Ukraine’s Revolution of Dignity is now in its next phase and there’s much more work to be done. Fortunately, the reform movement has wind at its back in the form of unprecedented international support, a robust Ukrainian identity, and a relatively free and unfettered media. But the task is arduous and tedious.
But gains have been made.
In a recent interview, veteran investigative journalist now parliamentarian Sergii Leshchenko ranked the progress. “On a scale of one to ten, Ukraine’s progress is about 6.5. I would rate President [Petro] Poroshenko’s efforts at 6.5, too.”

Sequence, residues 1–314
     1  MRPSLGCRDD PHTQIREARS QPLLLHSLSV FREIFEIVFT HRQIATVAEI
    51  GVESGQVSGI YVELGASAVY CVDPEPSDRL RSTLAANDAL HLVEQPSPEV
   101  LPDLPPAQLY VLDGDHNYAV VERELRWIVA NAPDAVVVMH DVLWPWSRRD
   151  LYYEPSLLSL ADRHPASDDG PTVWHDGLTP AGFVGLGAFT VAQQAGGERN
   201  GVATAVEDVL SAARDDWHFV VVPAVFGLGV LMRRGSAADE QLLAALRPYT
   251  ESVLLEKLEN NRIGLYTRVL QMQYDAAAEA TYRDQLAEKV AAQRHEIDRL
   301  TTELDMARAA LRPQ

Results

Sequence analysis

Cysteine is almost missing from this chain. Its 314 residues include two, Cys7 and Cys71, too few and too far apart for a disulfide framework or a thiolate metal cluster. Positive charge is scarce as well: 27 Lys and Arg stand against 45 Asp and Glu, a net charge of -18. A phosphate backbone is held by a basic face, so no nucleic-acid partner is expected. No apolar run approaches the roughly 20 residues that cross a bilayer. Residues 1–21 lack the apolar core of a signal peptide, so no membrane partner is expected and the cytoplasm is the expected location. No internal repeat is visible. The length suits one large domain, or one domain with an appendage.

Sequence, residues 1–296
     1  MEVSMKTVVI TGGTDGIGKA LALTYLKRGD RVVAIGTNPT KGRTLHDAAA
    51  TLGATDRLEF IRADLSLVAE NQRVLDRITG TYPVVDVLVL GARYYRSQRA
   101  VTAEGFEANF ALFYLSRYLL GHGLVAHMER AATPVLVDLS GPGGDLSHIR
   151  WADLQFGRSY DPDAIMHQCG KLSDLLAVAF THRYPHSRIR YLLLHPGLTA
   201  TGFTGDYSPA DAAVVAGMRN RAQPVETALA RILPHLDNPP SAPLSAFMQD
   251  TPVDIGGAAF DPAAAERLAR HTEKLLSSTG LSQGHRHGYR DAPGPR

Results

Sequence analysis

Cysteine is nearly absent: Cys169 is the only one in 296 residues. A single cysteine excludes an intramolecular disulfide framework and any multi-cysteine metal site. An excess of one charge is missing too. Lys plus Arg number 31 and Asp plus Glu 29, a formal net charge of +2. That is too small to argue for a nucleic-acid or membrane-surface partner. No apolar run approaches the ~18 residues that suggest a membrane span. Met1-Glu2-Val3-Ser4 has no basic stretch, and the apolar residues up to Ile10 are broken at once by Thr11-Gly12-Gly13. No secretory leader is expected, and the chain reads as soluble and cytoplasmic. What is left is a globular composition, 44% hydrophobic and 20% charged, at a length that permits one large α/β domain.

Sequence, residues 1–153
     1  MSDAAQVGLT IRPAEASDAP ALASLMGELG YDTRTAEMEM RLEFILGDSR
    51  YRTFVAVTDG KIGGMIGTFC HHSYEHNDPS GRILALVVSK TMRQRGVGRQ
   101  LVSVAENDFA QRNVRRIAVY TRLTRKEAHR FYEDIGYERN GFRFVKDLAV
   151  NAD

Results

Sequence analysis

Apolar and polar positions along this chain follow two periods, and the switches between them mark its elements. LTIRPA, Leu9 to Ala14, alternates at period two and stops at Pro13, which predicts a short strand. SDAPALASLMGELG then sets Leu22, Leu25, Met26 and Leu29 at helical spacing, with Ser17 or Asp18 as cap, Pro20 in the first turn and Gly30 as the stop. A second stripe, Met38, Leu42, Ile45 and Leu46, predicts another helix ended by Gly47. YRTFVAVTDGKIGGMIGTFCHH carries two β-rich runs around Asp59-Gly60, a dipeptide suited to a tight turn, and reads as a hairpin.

Leshchenko and twenty-six reformers, out of the Rada’s 455 members, have banded together loosely as “Euro-optimists.” These gutsy, bright, and articulate reformers are at the center of this post-revolutionary period. In interviews, they discussed the enormity of the task, their frustrations, and their abiding optimism.
“What makes me optimistic [in the long term] is the intolerance of corruption in Ukraine now,” said Leshchenko. “Society is ahead of the politicians.”
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